That’s fixable, and it’s usually a good sign when that’s your biggest concern in the middle of October. 

Tony Avelar/Associated Press

This isn’t a fluke. The 49ers have been rebuilding for several years, and this is what a lot of folks expected from them before Garoppolo’s torn ACL took the air out of their 2018 campaign. On paper and otherwise, they’re better now than they were then. 

Beyond Garoppolo on offense, Coleman’s Week 5 emergence and Raheem Mostert’s continued effectiveness almost gives the 49ers an embarrassment of riches in the backfield, where Breida has made it clear his breakout 2018 season wasn’t an aberration.

The third-year back ranked fourth among qualified players with a 5.3 yards-per-attempt average last season, but a 114-yard night featuring a jaw-dropping 83-yard touchdown moves his 2019 average to 6.5—the highest mark in pro football. 

And they’ve hardly missed a beat the last two games without left tackle Joe Staley, who has a fractured fibula but could be back in a matter of weeks.  

Shanahan has the weapons (I haven’t even mentioned star tight end George Kittle), and we know he has the mind. He ran one of the highest-powered offenses in NFL history while working as the Atlanta Falcons offensive coordinator in 2016. That Atlanta offense hasn’t been the same since he departed, and now he’s finding his groove with this group.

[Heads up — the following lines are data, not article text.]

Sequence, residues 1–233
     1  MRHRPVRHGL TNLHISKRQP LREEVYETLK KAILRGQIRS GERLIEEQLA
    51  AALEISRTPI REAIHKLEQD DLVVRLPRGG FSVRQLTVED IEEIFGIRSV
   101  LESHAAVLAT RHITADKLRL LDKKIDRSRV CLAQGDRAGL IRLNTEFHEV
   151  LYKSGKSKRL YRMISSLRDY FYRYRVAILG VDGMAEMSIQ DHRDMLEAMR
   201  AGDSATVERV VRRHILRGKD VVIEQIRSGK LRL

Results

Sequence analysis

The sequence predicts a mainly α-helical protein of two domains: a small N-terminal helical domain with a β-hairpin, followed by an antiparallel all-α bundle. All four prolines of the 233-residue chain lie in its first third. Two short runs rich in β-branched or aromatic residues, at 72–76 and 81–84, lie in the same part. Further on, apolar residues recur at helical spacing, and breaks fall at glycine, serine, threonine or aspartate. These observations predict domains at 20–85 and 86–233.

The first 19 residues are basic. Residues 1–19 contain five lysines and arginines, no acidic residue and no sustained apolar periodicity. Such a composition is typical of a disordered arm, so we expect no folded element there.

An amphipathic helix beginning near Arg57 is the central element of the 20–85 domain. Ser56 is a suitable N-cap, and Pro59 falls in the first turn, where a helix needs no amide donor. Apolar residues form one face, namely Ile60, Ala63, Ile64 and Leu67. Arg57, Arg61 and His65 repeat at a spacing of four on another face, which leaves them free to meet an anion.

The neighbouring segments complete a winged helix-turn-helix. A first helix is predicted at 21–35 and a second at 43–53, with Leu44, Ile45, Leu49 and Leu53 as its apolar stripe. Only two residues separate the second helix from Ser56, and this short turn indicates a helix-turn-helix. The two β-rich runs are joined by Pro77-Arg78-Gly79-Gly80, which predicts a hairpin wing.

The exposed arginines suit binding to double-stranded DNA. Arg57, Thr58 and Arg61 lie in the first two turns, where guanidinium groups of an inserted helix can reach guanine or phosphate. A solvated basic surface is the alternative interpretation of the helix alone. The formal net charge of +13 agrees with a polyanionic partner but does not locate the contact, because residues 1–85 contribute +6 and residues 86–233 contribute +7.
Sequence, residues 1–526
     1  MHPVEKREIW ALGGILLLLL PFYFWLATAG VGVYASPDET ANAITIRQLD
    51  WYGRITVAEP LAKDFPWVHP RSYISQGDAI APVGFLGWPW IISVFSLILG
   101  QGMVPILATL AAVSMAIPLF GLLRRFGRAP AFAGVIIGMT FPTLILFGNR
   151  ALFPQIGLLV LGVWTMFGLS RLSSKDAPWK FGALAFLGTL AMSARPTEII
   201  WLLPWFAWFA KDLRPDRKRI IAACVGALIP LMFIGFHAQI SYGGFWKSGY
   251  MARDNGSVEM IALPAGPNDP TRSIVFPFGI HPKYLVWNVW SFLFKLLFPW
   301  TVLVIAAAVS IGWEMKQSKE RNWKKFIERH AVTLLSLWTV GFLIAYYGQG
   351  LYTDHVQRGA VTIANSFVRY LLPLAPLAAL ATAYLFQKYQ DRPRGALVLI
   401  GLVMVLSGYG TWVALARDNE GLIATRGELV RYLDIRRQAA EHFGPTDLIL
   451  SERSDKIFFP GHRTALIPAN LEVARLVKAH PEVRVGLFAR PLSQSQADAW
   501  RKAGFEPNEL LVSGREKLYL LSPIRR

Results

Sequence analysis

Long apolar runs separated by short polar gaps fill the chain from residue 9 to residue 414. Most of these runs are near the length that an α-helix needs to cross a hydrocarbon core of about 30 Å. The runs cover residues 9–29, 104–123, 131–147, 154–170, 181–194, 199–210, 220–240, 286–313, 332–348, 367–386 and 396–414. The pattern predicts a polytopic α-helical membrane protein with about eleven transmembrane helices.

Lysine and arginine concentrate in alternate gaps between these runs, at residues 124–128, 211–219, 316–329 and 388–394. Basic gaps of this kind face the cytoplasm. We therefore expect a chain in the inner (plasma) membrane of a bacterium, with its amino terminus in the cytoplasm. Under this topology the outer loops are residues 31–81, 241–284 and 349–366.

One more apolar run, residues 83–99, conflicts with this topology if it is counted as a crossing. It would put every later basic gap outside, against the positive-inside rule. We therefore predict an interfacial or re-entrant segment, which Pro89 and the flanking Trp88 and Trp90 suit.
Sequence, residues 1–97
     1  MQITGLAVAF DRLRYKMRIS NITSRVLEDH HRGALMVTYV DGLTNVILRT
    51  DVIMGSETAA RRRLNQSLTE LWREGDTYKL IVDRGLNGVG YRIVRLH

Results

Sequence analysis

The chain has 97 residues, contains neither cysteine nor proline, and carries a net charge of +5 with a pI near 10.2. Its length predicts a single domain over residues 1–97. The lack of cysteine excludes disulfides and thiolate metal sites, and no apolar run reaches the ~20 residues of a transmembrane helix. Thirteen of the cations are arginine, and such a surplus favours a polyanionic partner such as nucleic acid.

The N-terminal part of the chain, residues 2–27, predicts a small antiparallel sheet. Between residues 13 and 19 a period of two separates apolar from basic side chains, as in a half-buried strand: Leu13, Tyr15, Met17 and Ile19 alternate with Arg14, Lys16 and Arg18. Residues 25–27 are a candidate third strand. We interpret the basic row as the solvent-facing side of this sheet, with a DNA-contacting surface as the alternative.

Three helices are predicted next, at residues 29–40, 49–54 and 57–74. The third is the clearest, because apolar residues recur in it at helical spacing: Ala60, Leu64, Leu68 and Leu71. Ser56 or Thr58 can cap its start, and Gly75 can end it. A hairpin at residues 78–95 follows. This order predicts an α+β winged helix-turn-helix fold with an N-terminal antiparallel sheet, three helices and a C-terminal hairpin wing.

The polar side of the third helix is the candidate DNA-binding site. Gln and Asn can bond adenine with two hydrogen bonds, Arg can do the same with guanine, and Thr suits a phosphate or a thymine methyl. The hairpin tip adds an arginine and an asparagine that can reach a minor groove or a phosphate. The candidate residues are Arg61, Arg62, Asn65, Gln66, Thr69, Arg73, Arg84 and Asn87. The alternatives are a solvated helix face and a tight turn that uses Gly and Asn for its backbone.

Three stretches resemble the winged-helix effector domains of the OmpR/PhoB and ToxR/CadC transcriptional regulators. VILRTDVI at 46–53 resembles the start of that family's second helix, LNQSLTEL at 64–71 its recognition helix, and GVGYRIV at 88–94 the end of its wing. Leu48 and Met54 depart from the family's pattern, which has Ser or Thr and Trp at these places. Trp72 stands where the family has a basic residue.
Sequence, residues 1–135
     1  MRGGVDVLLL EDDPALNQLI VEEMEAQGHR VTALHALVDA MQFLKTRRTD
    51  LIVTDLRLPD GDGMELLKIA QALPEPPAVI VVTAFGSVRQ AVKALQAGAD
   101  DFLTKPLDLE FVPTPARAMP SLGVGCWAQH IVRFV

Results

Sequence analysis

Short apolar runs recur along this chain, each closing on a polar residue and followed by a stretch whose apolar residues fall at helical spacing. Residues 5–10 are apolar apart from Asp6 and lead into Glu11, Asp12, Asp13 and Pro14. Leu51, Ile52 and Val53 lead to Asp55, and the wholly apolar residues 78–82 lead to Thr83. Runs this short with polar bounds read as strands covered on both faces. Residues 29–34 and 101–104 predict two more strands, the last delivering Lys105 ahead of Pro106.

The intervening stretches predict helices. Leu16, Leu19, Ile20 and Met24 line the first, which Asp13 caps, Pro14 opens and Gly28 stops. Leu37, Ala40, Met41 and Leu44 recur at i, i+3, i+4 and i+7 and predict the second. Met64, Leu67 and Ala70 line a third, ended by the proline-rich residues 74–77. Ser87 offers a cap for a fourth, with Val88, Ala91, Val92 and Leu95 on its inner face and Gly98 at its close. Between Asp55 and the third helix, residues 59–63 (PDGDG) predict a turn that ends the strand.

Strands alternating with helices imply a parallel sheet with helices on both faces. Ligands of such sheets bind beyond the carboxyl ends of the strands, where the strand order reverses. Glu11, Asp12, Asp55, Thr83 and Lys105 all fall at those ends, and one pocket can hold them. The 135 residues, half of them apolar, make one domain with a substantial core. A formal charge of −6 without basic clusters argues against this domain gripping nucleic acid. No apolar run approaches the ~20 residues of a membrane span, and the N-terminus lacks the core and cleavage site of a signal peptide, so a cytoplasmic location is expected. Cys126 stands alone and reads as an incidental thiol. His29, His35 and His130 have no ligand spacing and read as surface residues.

On the other side of the ball, defensive end Nick Bosa was unblockable Monday night and has emerged as a Defensive Rookie of the Year frontrunner. He’s benefiting from the presence of veteran pass-rusher Dee Ford, who was a Pro Bowler last year in Kansas City.

A healthy Richard Sherman is in 2016 form. Kwon Alexander and Fred Warner are tackle machines. DeForest Buckner and Jaquiski Tartt continue to perform at a high level. Hell, even first-round busts Arik Armstead and Solomon Thomas are playing well. 

We shouldn’t be surprised. The defensive line alone contains five former first-round picks, and Ford and Alexander were splashy additions in March. 

What are the 49ers?

They’re a football team with few glaring weak spots. And in just a few days, they’ll have another big opportunity to remind us of that fact when they face the defending NFC champion Los Angeles Rams in Southern California. 

A win there would land San Francisco in Super Bowl conversations outside of the Bay Area, but this team deserves your attention regardless. 


Brad Gagnon has covered the NFL for Bleacher Report since 2012.